|Underwater play at Hubbard Swim School|
Sure this isn't putting on a bee suit to photograph a beekeeper at work or flying halfway around the world to work in a rural environment until recently a war and cholera zone, but it is a little different, shooting a swim article from below as well as above water.
Sometimes it's about a simple question, what can I do that's a little different?
|Whatever it takes for a picture.|
(For the record, I used a DiCAPac WP-S10 Waterproof Case purchased from B&H Photo. The material is a thin plastic and it is challenging to manipulate camera controls but it did work and did not leak.)
In the two minutes or so that I could stay down, I discovered that finding the viewfinder and double-checking focus as the subject moved toward me proved more difficult that one would imagine. You discover just how quickly you're able to retrain yourself when challenged by the shooting environment.
It became a process, count down with the subject, take deep breath, dive, find the viewfinder, find the subject, shoot, surface, check the bag for leaks, check images and, if necessary, open the now wet bag to change camera settings before carefully resealing the bag for another go.
|Using the fish aquarium method, shooting with |
lighting through the side pane of a fish aquarium
The second time, in a freezing backyard pool, (summer covers are shot in the early spring, after all), using a partially submerged fish aquarium to create an underwater window pane through which I could shoot with a dry camera.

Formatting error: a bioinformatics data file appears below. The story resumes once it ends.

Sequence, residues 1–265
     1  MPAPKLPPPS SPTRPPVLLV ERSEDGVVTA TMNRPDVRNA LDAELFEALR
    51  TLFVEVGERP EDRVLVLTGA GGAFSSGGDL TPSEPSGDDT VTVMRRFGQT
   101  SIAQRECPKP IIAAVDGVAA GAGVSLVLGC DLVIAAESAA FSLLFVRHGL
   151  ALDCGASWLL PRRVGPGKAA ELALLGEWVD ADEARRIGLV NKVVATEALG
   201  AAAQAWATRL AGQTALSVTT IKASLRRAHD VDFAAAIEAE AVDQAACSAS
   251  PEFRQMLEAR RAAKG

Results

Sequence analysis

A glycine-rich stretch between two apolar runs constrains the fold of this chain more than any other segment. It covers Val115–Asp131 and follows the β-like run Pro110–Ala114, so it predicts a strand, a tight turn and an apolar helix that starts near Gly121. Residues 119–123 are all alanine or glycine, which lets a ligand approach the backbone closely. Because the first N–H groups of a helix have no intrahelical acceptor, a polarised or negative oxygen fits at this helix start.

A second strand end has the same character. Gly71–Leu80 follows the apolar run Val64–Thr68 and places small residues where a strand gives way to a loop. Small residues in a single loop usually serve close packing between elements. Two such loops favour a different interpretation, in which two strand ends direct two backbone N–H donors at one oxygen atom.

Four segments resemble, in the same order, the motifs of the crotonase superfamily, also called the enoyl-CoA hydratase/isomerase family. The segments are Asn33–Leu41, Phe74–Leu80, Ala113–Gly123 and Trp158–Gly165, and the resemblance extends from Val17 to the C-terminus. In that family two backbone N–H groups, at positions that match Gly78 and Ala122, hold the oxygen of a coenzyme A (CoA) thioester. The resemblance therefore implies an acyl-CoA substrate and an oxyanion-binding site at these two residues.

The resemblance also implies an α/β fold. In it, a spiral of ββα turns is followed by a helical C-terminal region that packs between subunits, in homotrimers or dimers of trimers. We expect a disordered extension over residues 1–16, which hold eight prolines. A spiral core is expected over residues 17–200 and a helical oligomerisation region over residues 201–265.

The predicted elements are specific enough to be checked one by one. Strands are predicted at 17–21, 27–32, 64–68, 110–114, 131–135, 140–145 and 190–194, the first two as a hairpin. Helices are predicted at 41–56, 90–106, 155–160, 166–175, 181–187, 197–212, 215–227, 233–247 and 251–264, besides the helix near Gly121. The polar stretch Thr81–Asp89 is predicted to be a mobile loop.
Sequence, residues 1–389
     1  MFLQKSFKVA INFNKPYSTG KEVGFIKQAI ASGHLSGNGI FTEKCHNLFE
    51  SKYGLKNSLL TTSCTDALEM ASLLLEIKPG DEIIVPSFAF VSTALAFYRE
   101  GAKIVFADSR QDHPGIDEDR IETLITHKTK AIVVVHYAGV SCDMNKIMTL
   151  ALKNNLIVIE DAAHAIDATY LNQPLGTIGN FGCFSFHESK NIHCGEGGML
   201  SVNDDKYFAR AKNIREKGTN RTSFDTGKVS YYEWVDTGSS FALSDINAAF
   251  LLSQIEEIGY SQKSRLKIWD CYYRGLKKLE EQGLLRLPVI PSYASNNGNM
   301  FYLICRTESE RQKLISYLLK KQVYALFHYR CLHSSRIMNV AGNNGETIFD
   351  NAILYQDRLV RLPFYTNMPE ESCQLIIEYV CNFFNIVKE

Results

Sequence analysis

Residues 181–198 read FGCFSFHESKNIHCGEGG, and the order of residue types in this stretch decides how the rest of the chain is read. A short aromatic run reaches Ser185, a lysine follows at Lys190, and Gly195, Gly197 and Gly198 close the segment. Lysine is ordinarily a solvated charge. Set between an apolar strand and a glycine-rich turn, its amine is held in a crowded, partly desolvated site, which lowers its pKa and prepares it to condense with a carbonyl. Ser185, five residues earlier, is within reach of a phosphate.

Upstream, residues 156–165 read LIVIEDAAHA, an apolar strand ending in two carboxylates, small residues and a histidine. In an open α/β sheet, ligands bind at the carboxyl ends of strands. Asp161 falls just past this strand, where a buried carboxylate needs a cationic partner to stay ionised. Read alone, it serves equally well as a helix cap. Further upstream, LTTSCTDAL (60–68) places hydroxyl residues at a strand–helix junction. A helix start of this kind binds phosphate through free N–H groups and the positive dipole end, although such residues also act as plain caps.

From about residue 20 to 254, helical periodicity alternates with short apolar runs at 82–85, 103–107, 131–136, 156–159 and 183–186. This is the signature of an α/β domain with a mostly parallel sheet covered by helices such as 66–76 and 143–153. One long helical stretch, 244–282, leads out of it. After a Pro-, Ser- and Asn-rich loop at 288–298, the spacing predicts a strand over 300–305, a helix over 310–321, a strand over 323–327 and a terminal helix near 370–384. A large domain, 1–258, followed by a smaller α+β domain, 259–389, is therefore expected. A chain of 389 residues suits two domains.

The hardest parts that day, holding the camera at odd angles and aiming it without the benefit of the viewfinder, while two moms held the aquarium, fighting the buoyant force of the aquarium, pushing up against the glass.
For this latest shoot, I wondered whether there might be a better method, and looked for options and talked to colleagues. I came upon this plastic bag idea which was suggested by two colleagues, one of whom works in the ocean frequently, so I figured it was worth a try.
When working with uncertainly, never put all your eggs in one basket when your client needs a nice choice of images for the cover of their May magazine. Try multiple methods for multiple results. I kept the aquarium method in my back pocket as a "plan B".
So after experimenting for a while with the bag using available light, I switched to partially submerging the fish tank so that the radio slaves would be able to fire a flash signal through the air space.
In all a fun day at work, breaking from routine, confronting technical challenges and working with a fun group of kids and grown-ups.
|Of course, a complete assignment is shot below and Above the water level... Bob Hubbard, at left, the owner of the school and tireless assistant and young-person wrangler.|
|The hardest job on the shoot, young subjects having a good time.|